People know what you’re going through“There are people there who know what you’re going through – maybe not exactly the same circumstances as you – but it’s the being there and being with other people, who make time for you, that’s so good about the group. “I have sat in the group and cried, been really upset. You have days where you feel perfectly fine and others where you just think ‘why do I bother?’. It can be lonely.
You can share your feelings and it lifts my mood“We have a WhatsApp group, too, where everyone shares pictures of what they have been up to. It’s somewhere that you can share your feelings and it lifts my mood.
Steve never let his illness affect his lifeSteve bravely managed treatment for his illness at home, much to the admiration of Ruth. “Steve never let his illness affect his life,” said Ruth, who has two sons, Chris and Mark, and four grandchildren.
Not knowing when, or if, I would see him again was very, very difficult“It was important to him that he stayed home for as long as possible, but he was starting to struggle. His breathing wasn’t good and he ended up in hospital three times. “Seeing him being taken away and not knowing when, or if, I would see him again was very, very difficult. Because of Covid, we had been shielding from the very beginning because of his immunity issues – but that wasn’t hard; we enjoyed being together. So then being apart was tough.”
He was told that he had months and not years left to live“That time was tough. Steve just wanted to come home; that’s all he wanted. I think the hardest thing was him being given an end-of-life care plan. There was no family there to comfort him. It all seemed very final when he was told that he had months, and not years, left to live.” Ruth says that she never talked about death with Steve and when he was given options by nurses, to make his final few months more comfortable, she thought that he would come home. He chose to stay in hospital. “That surprised me but I think he was quite desperate at that point and wanted to do all he could. Steve never talked about his feelings. I never knew why he’d made that choice.”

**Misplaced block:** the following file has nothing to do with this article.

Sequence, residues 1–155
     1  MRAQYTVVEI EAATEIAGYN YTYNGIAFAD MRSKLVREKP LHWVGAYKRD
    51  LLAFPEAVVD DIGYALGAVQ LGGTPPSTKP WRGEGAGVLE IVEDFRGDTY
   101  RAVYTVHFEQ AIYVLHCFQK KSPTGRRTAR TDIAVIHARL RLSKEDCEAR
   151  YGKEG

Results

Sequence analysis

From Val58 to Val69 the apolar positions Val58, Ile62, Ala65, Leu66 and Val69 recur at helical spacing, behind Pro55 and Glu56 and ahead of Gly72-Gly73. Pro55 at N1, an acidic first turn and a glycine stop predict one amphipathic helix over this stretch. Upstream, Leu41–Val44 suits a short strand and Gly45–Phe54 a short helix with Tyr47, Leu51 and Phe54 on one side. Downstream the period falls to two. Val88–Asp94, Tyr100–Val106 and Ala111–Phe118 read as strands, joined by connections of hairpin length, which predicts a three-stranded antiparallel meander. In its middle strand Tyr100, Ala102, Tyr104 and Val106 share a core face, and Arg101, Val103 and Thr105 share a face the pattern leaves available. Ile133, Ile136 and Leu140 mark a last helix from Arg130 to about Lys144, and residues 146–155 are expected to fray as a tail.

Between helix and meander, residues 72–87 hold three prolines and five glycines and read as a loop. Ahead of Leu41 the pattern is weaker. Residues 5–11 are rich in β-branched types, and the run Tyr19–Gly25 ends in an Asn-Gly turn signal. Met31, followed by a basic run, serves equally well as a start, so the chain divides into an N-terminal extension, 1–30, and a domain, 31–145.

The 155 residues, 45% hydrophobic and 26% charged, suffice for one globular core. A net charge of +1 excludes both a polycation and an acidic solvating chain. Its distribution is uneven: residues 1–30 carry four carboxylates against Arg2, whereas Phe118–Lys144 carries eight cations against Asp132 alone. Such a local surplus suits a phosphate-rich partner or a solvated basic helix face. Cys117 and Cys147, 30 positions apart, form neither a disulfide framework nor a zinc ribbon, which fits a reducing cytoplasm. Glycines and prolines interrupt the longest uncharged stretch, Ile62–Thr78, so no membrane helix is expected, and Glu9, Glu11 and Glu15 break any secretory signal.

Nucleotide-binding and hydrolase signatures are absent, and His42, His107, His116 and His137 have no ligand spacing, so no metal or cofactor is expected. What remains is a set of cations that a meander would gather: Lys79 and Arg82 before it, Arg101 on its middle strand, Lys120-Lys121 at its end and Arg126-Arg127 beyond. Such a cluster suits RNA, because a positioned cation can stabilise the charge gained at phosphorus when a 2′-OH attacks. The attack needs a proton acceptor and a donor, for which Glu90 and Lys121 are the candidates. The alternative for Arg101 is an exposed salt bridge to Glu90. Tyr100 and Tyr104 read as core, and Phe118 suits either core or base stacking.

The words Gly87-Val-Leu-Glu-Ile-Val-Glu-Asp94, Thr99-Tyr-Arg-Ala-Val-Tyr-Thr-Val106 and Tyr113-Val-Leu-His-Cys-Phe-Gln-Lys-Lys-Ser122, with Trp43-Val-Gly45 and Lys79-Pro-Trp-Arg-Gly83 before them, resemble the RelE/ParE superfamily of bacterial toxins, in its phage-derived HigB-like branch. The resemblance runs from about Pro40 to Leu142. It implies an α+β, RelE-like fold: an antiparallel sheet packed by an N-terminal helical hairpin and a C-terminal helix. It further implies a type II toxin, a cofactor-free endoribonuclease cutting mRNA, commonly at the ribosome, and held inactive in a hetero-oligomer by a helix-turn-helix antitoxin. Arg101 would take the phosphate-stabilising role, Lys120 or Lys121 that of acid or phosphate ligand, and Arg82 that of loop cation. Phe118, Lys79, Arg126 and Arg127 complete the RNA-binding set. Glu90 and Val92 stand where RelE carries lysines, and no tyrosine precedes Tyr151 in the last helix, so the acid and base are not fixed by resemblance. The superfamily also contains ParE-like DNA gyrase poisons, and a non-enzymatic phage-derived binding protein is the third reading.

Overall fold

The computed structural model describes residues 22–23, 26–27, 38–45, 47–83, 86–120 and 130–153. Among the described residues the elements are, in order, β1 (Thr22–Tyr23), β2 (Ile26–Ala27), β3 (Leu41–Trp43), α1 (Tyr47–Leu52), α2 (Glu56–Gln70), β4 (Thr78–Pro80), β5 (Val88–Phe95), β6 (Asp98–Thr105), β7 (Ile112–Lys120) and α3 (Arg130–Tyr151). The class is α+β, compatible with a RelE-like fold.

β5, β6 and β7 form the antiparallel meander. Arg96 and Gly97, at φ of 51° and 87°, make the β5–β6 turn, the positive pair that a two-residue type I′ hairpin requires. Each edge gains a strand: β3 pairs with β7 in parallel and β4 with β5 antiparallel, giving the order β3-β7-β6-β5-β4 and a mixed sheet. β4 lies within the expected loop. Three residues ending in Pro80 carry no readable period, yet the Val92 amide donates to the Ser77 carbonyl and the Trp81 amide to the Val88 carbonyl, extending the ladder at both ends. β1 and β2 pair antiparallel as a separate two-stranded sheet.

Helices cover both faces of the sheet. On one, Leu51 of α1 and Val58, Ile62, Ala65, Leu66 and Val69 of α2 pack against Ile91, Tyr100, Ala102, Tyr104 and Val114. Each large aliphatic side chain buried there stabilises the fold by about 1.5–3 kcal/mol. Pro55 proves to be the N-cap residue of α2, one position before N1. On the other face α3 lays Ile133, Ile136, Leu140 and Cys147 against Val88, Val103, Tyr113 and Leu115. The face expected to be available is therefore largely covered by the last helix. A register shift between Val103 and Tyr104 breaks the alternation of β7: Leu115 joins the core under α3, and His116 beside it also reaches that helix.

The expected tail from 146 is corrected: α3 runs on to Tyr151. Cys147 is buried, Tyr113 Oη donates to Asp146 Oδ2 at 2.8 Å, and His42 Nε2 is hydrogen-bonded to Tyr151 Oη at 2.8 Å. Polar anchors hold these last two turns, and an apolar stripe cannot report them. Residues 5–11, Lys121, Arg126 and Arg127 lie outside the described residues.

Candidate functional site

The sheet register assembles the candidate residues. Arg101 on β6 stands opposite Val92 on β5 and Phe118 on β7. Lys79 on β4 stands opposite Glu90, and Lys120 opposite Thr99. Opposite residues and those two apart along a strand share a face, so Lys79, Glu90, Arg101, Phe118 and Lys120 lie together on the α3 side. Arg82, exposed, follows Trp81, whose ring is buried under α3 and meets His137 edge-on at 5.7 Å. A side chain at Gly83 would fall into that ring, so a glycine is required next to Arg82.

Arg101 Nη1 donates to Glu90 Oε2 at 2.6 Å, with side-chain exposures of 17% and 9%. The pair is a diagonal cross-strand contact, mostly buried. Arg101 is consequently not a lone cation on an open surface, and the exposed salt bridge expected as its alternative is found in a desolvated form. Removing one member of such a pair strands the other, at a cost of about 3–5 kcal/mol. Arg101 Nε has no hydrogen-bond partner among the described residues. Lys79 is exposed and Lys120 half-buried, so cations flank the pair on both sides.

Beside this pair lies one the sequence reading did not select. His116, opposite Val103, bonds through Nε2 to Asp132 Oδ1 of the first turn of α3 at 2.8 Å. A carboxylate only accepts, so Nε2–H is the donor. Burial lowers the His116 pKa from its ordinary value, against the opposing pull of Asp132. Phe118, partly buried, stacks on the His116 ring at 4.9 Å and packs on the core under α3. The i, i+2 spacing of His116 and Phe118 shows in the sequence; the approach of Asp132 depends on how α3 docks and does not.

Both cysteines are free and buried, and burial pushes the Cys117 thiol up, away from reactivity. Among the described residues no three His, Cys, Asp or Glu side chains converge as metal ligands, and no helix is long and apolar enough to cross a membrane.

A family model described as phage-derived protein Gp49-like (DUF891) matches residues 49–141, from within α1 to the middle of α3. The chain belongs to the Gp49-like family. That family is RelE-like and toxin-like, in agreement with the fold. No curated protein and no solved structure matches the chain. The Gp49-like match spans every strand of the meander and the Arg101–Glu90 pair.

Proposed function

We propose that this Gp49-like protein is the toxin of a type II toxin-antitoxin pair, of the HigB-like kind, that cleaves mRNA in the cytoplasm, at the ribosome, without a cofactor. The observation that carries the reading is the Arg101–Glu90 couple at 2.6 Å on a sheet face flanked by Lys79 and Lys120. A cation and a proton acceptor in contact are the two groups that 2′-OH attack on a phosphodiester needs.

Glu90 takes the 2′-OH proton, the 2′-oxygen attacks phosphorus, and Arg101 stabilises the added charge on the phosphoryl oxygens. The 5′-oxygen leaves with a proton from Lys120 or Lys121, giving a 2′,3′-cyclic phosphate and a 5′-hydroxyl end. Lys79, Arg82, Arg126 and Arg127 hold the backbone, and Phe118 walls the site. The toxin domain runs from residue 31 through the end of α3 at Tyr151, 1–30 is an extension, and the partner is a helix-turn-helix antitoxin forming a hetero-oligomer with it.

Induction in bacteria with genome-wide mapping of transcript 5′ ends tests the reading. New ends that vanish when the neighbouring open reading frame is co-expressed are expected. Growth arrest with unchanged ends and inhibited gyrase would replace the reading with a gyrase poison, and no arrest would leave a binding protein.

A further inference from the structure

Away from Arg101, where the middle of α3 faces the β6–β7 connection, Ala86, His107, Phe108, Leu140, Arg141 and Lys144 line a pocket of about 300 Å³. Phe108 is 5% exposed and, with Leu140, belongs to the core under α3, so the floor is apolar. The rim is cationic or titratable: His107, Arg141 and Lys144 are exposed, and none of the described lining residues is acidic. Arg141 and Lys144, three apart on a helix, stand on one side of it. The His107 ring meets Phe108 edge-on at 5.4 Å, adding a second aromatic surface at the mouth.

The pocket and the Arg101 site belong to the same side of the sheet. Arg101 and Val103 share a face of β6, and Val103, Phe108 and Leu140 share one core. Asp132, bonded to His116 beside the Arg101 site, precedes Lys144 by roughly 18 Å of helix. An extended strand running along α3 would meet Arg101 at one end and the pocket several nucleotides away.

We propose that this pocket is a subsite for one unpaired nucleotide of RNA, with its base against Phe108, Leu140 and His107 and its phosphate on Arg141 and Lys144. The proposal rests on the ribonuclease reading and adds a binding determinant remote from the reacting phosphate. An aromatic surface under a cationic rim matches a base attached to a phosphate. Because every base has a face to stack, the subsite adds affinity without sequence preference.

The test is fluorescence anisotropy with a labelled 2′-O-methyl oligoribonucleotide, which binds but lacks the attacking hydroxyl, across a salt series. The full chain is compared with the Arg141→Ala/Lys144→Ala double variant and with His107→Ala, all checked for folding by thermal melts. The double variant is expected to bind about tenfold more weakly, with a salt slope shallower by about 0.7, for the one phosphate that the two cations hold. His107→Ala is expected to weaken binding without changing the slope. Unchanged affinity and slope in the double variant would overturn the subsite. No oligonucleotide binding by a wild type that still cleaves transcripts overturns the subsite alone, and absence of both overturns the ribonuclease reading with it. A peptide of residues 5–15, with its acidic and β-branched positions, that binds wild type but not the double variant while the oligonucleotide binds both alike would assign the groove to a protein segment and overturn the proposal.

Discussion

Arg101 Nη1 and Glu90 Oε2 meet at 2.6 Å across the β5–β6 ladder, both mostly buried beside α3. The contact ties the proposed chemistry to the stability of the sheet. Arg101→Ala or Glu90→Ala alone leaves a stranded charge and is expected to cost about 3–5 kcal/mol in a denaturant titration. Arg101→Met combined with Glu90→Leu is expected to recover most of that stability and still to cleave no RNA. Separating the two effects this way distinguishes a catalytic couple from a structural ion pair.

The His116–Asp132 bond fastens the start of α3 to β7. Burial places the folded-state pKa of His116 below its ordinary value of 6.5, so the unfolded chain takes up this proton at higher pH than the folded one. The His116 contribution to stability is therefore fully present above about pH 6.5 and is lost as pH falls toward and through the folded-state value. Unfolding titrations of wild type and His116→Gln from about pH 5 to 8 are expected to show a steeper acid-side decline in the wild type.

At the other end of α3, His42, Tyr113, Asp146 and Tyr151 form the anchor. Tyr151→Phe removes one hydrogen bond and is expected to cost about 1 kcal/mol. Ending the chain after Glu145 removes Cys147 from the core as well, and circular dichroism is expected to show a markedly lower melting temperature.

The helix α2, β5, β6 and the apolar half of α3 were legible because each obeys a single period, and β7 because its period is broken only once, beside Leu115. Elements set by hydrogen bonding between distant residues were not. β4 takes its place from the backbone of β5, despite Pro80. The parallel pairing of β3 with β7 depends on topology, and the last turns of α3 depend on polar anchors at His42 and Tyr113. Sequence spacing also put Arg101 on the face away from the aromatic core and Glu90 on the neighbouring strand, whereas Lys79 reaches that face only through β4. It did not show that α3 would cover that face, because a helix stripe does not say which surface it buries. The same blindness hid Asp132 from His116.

I never had the chance to tell him how much I loved him“I felt hard done by because we hadn’t had a chance to talk through how he felt… I never had the chance to tell him how much I loved him, how grateful I was for everything he had done for me and what a lovely life we had enjoyed together. That was the hardest thing, for me. Also one of our sons didn’t get the chance to visit him during his hospital stay.” “I don’t even remember our final conversation together. His death was just so sudden. No-one, not even the nurses were expecting it. I think that Steve just thought that enough was enough. I was lucky to have the support of a friend, Jane, during his final hours. “Leaving him in the hospital was just heart-breaking. The realisation that, all of a sudden, you’re on your own. It was unbearable.”
Having someone to talk to has helpedShe joined the Tears to Laughter bereavement group – people can self-refer or be referred to the group by others – just six weeks after Steve’s death and says that having someone to talk to has helped her.
I don’t know how I would have coped without the group. Just seeing someone in person, being able to talk through your feelings and having them listen, has been good for me.